Inglis Chairman’s And The Stars On TV

Jonathan D’Arcy conducting the 2020 Inglis Chairman’s Sale by way of virtual auction (Picture courtesy of Inglis)


When Jack and Karen Sheather purchased Starspangled for $30,000 at the 2014 Inglis Broodmare Sale, they didn’t think that six years later they’d be peering at a TV screen while one of their horses was sold by a bloke in a ‘penguin suit’.

Then again, special times call for special measures.

Indeed, a couple of months ago none of us thought that we’d be getting our sales ‘fix’ over the internet.

Viewing platform was immaterial, however, around 8.30pm last Friday, as the Sheathers watched (and cheered!) on as their Group One winning mare, Youngstar, was knocked down for $1.4 million to Japan’s Katsumi Yoshida at the Inglis Chairman’s Sale.

In a remarkable afternoon and evening, the odds were somewhat defied as four of the 84 lots offered at the Chairman’s would push past the seven figure mark, while an average of $433,704 was realised, along with a median of $280,000.

Just like last month’s Inglis Easter Yearling Sale – also conducted amidst all the uncertainty due to the coronavirus outbreak – the Chairman’s exceeded all expectations.

It was an eventual few hours to say the least as the bespoke, black tie attired pair of Jonathan D’Arcy and Chris Russell, also knocked down dual Group One winning sprinter, In Her Time to Newgate Farm for $2 million, while Coolmore’s Tom Magnier weighed in with $1.8 million for Champion Sprinter, Samaready, and $1.6 million for last year’s Group One Oakleigh Plate winner, Booker.

Given the location, there was no need for the Sheathers to dress for the occasion on Friday night, but would be the first to agree that Youngstar has taken them places they never thought they’d see.

For starters, Jack Sheather didn’t think he’d end up with a mare like Starspangled for just $30,000, especially one that was in foal to High Chaparral (130 stakes winners) who had stood the previous spring at a fee of $77,000.

The resultant foal – a filly – would be the first thoroughbred born on the Sheathers farm at Young in NSW, the region where Jack, a brickie by trade, has spent his life.

“I’ve always been interested in the racing caper and when the kids had grown up and fled the nest, Karen and I decided to branch out into breeding horses,” Sheather explains. “I really thought Starspangled would make a whole lot more money, but she went through the ring late in the day and I guess a few were missing in action.

“I’m very good mates with John North (Bowness Stud) and when he told me he’d managed to buy the Danehill mare for that price, I was over the moon.”

The Sheathers would offer the High Chaparral filly – through Bowness Stud – at the 2016 Inglis Melbourne Premier Yearling Sale where she was purchased by astute agent, Olly Koolman, on behalf of Arthur and Charlotte Inglis, Arthur’s sister Jan and her husband Greg, along with the Koolman, Minahan Shadbolt and Atra families.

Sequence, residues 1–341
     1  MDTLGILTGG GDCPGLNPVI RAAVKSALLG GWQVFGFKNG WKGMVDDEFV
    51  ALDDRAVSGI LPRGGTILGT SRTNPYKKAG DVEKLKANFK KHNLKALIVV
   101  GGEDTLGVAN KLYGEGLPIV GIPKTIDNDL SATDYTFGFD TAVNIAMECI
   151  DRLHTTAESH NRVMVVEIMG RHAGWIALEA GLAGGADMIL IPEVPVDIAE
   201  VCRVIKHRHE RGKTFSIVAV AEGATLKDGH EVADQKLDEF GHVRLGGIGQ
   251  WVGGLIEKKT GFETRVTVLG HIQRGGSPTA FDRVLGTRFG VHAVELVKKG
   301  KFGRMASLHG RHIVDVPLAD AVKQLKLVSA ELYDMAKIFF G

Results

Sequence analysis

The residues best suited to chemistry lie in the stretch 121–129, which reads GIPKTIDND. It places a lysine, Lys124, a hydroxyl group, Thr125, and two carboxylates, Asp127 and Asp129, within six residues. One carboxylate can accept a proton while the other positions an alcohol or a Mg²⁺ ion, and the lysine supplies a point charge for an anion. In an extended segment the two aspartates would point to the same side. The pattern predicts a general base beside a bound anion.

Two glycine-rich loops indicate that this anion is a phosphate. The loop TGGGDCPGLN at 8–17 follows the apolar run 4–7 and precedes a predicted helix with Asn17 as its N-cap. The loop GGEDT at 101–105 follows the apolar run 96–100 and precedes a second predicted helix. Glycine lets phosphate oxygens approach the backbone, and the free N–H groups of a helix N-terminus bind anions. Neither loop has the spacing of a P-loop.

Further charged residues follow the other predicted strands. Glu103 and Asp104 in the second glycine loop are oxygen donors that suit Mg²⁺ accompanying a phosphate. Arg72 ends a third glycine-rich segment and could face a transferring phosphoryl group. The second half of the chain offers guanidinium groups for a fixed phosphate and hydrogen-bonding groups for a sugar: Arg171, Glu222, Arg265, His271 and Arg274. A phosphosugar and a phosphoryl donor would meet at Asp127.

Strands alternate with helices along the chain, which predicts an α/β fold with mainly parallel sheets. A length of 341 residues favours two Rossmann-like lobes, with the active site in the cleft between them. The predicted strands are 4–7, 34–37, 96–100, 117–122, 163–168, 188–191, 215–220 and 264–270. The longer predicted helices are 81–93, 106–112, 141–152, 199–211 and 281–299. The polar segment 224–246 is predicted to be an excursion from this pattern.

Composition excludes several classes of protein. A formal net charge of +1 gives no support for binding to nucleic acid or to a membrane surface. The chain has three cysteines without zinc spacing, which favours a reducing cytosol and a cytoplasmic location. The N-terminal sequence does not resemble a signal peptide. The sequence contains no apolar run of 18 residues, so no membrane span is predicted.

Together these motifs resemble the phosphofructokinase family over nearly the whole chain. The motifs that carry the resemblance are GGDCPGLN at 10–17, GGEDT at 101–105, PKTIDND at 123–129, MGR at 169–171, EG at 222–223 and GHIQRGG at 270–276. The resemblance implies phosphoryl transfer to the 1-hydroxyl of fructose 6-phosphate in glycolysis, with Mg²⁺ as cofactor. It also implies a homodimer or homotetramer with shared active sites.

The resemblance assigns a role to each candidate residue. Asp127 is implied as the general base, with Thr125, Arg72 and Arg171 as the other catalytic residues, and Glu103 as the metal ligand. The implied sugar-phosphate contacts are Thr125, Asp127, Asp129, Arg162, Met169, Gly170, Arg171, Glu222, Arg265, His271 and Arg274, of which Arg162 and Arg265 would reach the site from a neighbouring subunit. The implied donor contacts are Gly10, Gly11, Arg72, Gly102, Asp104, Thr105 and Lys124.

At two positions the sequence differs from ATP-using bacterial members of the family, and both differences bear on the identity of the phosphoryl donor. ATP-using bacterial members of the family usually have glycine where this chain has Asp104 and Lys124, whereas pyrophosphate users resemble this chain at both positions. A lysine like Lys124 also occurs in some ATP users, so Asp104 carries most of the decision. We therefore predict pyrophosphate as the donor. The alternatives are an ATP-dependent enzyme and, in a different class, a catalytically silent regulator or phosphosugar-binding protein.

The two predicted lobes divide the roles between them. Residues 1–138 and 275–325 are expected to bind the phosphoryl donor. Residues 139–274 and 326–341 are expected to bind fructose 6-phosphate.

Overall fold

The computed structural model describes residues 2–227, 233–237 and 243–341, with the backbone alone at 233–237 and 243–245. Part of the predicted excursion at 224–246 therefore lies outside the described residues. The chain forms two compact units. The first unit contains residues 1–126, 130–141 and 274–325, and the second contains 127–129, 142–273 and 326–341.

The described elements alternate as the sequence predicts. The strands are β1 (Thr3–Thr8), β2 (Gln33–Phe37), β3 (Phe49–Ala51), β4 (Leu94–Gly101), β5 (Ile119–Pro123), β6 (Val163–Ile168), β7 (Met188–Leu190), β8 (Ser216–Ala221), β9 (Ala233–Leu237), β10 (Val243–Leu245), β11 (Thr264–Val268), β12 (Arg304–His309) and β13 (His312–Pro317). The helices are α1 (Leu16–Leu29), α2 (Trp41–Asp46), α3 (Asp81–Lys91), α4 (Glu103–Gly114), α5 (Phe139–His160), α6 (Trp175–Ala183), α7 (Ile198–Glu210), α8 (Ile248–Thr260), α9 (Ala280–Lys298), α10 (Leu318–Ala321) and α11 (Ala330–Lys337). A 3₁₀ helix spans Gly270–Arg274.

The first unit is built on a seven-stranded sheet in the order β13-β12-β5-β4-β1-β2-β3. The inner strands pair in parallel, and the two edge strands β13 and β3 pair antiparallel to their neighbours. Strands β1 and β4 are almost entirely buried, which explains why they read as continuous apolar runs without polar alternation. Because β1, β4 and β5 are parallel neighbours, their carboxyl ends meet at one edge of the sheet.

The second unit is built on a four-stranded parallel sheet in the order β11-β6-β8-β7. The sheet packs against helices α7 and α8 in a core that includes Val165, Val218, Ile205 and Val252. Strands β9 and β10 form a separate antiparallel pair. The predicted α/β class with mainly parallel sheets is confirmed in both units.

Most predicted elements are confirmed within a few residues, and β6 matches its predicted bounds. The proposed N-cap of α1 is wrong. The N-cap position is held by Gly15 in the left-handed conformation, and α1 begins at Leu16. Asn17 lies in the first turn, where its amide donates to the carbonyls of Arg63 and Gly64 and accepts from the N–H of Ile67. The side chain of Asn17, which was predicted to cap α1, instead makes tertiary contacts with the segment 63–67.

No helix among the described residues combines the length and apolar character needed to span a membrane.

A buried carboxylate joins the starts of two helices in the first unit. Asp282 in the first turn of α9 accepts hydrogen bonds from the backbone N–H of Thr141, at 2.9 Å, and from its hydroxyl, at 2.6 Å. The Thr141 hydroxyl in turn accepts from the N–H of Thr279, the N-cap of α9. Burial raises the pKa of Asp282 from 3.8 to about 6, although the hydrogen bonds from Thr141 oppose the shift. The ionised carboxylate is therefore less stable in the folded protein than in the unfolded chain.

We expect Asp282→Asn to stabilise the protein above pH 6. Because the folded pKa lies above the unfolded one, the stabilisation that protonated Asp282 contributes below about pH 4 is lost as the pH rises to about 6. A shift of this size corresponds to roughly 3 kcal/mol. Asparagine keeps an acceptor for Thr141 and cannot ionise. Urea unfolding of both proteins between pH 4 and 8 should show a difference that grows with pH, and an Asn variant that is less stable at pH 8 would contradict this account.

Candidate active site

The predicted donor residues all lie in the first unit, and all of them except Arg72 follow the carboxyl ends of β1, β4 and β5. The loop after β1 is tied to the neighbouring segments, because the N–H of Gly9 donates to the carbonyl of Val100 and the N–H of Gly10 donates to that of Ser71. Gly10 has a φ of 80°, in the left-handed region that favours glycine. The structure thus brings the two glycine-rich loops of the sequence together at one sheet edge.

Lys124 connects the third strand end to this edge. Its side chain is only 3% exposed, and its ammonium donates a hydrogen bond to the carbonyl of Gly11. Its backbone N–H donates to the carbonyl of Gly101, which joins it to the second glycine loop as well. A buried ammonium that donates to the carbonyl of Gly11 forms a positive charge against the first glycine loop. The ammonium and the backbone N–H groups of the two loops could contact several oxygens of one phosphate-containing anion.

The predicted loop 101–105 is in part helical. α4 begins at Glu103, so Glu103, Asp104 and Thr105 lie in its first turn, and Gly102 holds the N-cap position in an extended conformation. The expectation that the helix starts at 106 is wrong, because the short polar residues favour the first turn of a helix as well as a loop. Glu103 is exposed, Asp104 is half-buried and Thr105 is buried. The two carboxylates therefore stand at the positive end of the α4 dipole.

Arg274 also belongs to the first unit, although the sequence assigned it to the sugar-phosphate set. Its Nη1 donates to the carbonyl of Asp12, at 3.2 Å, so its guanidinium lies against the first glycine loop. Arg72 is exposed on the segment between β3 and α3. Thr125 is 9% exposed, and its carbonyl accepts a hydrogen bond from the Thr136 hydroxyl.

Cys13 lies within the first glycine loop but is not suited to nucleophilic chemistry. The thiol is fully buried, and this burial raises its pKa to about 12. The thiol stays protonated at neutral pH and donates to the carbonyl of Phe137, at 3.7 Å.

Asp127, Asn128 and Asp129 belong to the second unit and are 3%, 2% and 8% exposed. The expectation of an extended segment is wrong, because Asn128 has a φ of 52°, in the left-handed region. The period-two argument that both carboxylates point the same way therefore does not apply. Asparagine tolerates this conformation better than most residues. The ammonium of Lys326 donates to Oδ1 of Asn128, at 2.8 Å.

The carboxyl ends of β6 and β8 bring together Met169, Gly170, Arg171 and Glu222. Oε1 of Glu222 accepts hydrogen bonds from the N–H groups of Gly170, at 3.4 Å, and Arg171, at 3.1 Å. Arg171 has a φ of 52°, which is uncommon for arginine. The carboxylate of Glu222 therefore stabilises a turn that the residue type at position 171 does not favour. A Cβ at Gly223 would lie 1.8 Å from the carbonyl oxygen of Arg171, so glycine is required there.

Wisely, the Sheathers retained a share. The filly would race as Youngstar, winning the Group One Queensland Oaks and over a million in stakes, while, in 2018 Koolman would buy Starspangled’s Adelaide filly for pretty much the same ownership.

This time around they called the filly Funstar who has won five of her nine starts including the Group One Flight Stakes last spring and, in April, finished second in the Group One Queen of the Turf Stakes.

“It has been truly remarkable … Arthur and his family were terrific from the word go, really involving us with everything, while we attended the wedding of Olly’s brother, Andrew, earlier this year,” Sheather points out. “A great group of people and they really make you feel like you’re part of it all.”

Including, it seems, with the sale itself!

“Arthur phoned me earlier in the day and asked what I thought she (Youngstar) would make,” Sheather says with a laugh. “I said, ‘you’ve been involved in selling horses your entire life and you’re asking me?’.

“Anyway, the consensus was that due to the pandemic, we’d have to settle for a lower figure, but were always adamant she was a quality mare.

“I also spoke to John (North) who reminded me that mares of this quality don’t come along that often, so I guess he was a bit more buoyant about Youngstar making close to her true value.

“I have to say, Katsumi Yoshida has got himself a very good mare. As we’ve done with most of the prizemoney, we’ll be ploughing the sales dividend into some other horses and fences on the property, but who knows … some of it might go toward a trip to Japan to watch one of the Youngstars race!”

Naturally enough, auctioneer, Inglis, was ecstatic with the result: particularly in the knowledge that a number of the passed in lots would be sold in ensuing days.

Inglis General Manager Bloodstock Sales & Marketing, Sebastian Hutch, was quietly confident, given the steady ‘registrations’ from potential bidders during the week prior, but admits to breathing a sigh of relief as the final lot was knocked down.

“We were delighted with the quality of the catalogue in advance of the sale, but by the same token, that quality brings with it a significant degree of responsibility, so we were determined to do everything we could to achieve a good set of results,” Hutch remarks. “The level of interest in the sale was incredible, but for the sale to play out as it did, given the circumstances, was very rewarding.”

The Power of Passion